Wednesday, 24 July 2013

Sounds of summer

It's been seven years since we had a nice spell of weather like this. It feels almost like living that idyllic early scene in Puckoon, in " unexpected burst of hot weather. Saffron coloured in the bleach early sky, the sun blistered down, cracking walls and curling the brims of the old men's winter-damp hats...", though I (hopefully) bear little resemblance to Dan Milligan. And there's no nobbly brown dog in the vicinity. What there are, though, are grasshoppers. Stacks of 'em.

A good patch of long grass, paper-dry rustling already with the breeze, suddenly comes alive when the sun begins to crank up the heat in mid-morning. The plants suddenly seem to sizzle and whisper with the songs of various species, all clinging cryptically to stems and leaves or huddled against fragments of plants on the ground. Every footstep is accompanied by an explosion of tiny forms, bursting into action and springing wildly in every which direction.

A short, 'Schritt. ... Schritt. ... Schritt' heralds Field Grasshoppers, Chorthippus brunneus, a dust-brown and faded yellow-green with a blushing abdomen tip and two neat little angles on top of its thorax (the pronotum, if you prefer), rather like the mathematical operators greater than and less than: > <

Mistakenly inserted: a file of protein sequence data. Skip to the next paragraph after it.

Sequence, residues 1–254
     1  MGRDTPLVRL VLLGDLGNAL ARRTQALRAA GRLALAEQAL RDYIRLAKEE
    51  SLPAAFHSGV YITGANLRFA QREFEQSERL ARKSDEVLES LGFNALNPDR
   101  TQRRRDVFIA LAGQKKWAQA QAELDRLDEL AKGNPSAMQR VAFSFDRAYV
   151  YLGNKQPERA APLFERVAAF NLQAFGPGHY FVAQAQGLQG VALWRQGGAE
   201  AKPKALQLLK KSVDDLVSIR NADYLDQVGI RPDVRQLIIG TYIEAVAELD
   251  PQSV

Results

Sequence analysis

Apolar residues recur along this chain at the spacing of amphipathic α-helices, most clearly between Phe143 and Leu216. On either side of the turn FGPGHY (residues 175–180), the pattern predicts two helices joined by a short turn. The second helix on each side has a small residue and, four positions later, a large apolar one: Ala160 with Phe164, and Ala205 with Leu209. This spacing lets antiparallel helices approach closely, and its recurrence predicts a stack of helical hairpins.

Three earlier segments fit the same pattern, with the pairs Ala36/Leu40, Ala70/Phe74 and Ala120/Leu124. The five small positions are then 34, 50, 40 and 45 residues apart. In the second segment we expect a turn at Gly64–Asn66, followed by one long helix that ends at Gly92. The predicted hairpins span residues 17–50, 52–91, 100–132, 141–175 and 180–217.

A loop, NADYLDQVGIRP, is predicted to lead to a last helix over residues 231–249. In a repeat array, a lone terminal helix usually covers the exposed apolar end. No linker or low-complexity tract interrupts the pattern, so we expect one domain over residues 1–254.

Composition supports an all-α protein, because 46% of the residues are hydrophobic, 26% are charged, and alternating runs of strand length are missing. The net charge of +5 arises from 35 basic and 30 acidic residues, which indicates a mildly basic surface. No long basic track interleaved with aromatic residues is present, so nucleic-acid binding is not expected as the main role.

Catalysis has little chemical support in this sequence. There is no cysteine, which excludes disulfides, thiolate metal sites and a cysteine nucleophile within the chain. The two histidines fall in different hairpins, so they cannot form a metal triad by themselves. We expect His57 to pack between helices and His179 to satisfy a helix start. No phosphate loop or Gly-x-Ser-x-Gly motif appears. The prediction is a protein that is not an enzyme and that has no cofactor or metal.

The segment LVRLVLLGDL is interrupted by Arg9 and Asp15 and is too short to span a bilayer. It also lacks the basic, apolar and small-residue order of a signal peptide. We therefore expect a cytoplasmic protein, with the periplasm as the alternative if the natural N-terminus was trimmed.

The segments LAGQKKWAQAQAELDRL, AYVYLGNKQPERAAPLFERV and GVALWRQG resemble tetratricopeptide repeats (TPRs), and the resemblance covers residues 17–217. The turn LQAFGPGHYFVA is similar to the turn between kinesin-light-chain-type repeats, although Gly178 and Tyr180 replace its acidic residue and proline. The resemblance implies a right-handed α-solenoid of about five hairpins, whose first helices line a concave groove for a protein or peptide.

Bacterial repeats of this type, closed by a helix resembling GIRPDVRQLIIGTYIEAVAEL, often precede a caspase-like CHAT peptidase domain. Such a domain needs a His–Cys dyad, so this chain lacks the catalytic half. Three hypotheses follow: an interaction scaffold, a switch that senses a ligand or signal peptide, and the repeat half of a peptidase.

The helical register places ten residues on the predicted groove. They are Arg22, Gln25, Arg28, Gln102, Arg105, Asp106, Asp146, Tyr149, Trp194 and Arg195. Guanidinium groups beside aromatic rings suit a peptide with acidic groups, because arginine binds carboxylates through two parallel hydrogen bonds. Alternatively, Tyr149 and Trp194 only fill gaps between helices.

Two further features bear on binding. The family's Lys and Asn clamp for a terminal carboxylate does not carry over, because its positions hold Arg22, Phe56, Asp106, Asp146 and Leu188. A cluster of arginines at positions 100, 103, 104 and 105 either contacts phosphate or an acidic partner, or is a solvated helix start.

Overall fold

Female Field Grasshopper. Note that the pale angles on the pronotum don't meet the hind edge of the pronotum either, and that the antennae are not clubbed, unlike some otherwise similar species.

A slightly drier, softer 'zee-zee-zee-zee-zee' gives away Meadow Grasshoppers, Chorthippus parallelus, which tend to be brighter green, striped dandy-ish beasts with - slightly belying the scientific name - gently incurved marks on the pronotum: )(

Meadow Grasshopper. Posing.

Meadow Grasshopper. The pale lines on the pronotum are not only gently curved, but stretch from end to end of the pronotum.

A bright green Meadow Grasshopper. Note also the short wings: generally this species has rather stumpy wings, but when populations grow too dense, a whole load of longer-winged individuals emerge and head off for pastures new.

The crickets are less conspicuous and also quieter, with a rather ventriloqual quality. A sibilant 'srrrrrrrrrrrrrrrrrrrrr' from rank grass suggests that a Conehead (Conocephalus) of one or other species is lurking, but without seeing it I'm not sure of the identification. The likelihood is that it's Short-winged (C. dorsalis), but you never know...! Finally, a surreptitious movement gives away a Dark Bush-cricket Pholidoptera griseoaptera, looking a little like a dark spider scuttling across the ground. Their staccato 'Tschr. ... Tschr. ...Tschr.' will soon be ringing from the depths of almost any patch of slightly scrubby vegetation .

Soon it'll be the season for the outrageously loud Great Green Bush-crickets Tettigonius viridis, which can be clearly heard from a passing car, even at a fairly high speed, their penetrating 'TCHR-TCHR-TCHR-TCHR-TCHR-TCHR-TCHR-TCHR-' assaulting your ears as you pass a patch of brambles.

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